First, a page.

Factory Shutdowns, Demand Slump Hammer European Auto Earnings
By William Boston
BERLIN -- Two of Germany's largest auto makers reported sharp
falls in earnings, revenue and new-car sales for the first three
months of the year. Volkswagen AG and Daimler AG's results are a
measure of the impact on manufacturers of the auto industry
shutdown that was part of the drive to contain the coronavirus
German auto makers suspended swaths of production in Europe, the
U.S. and China for weeks after Covid-19, the disease caused by the
new coronavirus, spread world-wide. Both Volkswagen and Daimler,
two of Europe's largest manufacturers, saw pretax earnings slide
more than 80% in the quarter as a result.
European auto makers and their suppliers have furloughed more
than a million auto workers across the continent. Even as factories
begin to reopen, most are operating at a fraction of their previous
output levels, making it difficult to forecast for the rest of the
"We have taken numerous measures to lower costs and secure
liquidity," Frank Witter, Volkswagen's chief finance officer, said
in a statement.
Net profit at Daimler, which makes Mercedes-Benz cars fell to
EUR94 million in the first quarter from EUR2.1 billion the year
Volkswagen, the world's largest auto maker by sales, reported
EUR405 million in net earnings after a 25% drop in production to
just under two million vehicles in the first three months of
As the virus spread in Europe and the U.S. in February and
March, it was beginning to recede in China, the world's biggest car
market by sales. Auto makers, including Daimler and Volkswagen,
have reopened their plants in China and are gradually reviving
output, but demand for new cars and production remain well below
levels at the same time last year.
Volkswagen said in its first-quarter report that "positive
impulses came from the developing economic recovery in China."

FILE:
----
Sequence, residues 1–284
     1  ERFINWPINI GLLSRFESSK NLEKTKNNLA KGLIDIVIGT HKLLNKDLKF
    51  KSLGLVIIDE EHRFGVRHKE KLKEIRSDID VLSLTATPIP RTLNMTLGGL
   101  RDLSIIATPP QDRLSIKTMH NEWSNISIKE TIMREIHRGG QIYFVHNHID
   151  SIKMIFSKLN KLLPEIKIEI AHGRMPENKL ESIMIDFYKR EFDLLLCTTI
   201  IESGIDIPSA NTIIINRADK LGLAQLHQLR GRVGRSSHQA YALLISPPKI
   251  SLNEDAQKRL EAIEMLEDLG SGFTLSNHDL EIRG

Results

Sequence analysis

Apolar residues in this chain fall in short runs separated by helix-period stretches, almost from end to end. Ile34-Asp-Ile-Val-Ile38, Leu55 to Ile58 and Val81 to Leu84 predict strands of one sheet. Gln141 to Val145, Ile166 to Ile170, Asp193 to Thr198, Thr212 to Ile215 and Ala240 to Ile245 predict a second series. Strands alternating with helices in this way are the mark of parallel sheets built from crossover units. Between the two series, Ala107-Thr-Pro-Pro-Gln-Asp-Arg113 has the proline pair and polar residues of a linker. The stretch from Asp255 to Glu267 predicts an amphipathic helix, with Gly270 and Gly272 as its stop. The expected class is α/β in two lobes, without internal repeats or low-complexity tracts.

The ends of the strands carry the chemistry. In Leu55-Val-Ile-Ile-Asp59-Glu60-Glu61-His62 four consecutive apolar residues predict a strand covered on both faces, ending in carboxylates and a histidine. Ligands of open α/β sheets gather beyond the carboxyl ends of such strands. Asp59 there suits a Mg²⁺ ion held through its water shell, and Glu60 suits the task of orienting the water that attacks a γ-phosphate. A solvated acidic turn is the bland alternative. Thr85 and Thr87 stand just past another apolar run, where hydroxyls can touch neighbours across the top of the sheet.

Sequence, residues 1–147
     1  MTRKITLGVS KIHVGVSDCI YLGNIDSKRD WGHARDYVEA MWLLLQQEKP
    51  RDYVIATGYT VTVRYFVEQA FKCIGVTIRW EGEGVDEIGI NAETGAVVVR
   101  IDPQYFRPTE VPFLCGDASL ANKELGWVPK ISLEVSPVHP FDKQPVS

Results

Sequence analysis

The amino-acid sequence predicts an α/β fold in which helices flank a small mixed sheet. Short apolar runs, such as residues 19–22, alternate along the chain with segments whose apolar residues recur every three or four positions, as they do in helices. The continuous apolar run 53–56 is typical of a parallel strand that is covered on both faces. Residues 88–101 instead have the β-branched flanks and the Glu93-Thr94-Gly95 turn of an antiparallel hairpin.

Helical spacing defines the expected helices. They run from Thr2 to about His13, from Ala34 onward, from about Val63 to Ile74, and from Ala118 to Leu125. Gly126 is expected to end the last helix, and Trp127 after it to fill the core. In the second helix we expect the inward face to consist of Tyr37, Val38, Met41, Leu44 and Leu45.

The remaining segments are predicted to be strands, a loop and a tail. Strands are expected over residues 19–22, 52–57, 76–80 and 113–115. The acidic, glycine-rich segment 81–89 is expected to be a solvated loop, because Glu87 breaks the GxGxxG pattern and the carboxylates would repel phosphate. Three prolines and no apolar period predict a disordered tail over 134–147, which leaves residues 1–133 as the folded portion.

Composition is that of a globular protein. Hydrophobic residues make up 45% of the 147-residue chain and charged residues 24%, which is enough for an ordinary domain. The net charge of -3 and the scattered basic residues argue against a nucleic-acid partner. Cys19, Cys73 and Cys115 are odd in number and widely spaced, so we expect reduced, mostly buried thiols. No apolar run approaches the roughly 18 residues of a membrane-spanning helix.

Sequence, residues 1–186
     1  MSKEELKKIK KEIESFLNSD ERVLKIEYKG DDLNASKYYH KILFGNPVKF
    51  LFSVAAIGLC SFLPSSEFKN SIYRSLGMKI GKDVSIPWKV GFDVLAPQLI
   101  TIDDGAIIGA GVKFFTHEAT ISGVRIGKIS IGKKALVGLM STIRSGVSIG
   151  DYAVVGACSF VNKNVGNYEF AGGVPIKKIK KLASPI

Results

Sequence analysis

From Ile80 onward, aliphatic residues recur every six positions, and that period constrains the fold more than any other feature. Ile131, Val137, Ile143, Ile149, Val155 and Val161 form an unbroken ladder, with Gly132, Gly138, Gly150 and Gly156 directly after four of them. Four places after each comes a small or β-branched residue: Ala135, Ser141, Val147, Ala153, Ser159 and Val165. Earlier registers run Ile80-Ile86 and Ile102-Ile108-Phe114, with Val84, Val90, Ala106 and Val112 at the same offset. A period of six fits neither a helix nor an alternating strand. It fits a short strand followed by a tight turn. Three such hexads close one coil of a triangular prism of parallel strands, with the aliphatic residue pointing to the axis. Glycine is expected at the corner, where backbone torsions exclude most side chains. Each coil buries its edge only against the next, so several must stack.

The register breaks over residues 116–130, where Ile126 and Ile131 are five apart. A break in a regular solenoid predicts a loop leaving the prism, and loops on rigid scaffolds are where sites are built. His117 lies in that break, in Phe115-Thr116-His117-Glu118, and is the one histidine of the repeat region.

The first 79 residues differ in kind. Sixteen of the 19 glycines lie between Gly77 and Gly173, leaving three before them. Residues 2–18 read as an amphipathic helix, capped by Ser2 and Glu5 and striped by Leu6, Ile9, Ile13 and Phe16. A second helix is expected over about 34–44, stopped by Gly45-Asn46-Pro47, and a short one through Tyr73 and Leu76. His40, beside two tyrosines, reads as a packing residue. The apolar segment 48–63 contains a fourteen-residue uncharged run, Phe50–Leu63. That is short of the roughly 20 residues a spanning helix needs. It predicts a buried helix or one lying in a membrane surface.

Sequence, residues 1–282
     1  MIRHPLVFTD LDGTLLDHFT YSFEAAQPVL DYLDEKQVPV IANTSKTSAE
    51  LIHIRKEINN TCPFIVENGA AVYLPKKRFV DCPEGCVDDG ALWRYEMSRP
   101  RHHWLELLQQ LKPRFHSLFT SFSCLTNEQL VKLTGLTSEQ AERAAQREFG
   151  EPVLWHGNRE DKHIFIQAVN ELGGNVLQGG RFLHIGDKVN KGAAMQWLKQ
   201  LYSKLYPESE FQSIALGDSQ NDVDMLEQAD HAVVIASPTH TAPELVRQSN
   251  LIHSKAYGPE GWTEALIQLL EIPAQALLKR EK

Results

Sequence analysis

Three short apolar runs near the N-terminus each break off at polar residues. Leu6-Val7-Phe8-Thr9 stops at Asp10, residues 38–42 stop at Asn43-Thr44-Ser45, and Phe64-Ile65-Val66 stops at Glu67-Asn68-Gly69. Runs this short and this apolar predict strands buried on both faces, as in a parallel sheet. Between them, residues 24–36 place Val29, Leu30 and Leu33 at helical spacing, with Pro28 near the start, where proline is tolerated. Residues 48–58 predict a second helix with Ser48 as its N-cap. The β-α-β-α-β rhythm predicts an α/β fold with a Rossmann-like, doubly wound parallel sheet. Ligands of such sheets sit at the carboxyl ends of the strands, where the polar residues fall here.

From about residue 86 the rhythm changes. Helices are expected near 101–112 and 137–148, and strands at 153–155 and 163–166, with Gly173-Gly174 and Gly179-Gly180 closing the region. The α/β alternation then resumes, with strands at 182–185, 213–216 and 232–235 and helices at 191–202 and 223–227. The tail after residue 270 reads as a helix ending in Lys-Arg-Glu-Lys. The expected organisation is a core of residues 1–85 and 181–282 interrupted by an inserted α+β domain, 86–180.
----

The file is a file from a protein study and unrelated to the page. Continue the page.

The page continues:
Still, the damage to the auto industry from slumping demand and
efforts to contain the virus by locking down large parts of the
global economy is widespread and could be long-lasting.
Ford Motor Co. this week reported a $2 billion pretax loss in
the first quarter, which it attributed to the impact of the
pandemic on its global business. Nissan Motor Co., Japan's
second-largest auto maker after Toyota Motor Corp., said Tuesday
that it expected to report a net loss, its first in more than a
decade, of up to $885 million in its fiscal year that ended on
As global auto sales slump, auto makers are cutting expenses and
securing loans to ensure that they have sufficient cash to weather
the coming months should demand fail to return to precrisis levels
and the economic slump worsen.
Daimler, which has been bleeding cash as a result of big
investments in new technology, said the outflow of capital worsened
in the first quarter, as negative cash flow in its industrial
businesses widened to EUR2.3 billion in the first quarter.
Volkswagen reported negative cash flow of EUR2.5 billion in the
first quarter, but said net liquidity had risen 11% in the same
period to EUR17.8 billion.
U.S. auto maker Ford said it has about $35 billion in cash,
which it described as sufficient to weather the storm for
Write to William Boston at firstname.lastname@example.org
(END) Dow Jones Newswires
April 29, 2020 04:19 ET (08:19 GMT)
Copyright (c) 2020 Dow Jones & Company, Inc.
Historical Stock Chart
From Aug 2020 to Sep 2020
Historical Stock Chart
From Sep 2019 to Sep 2020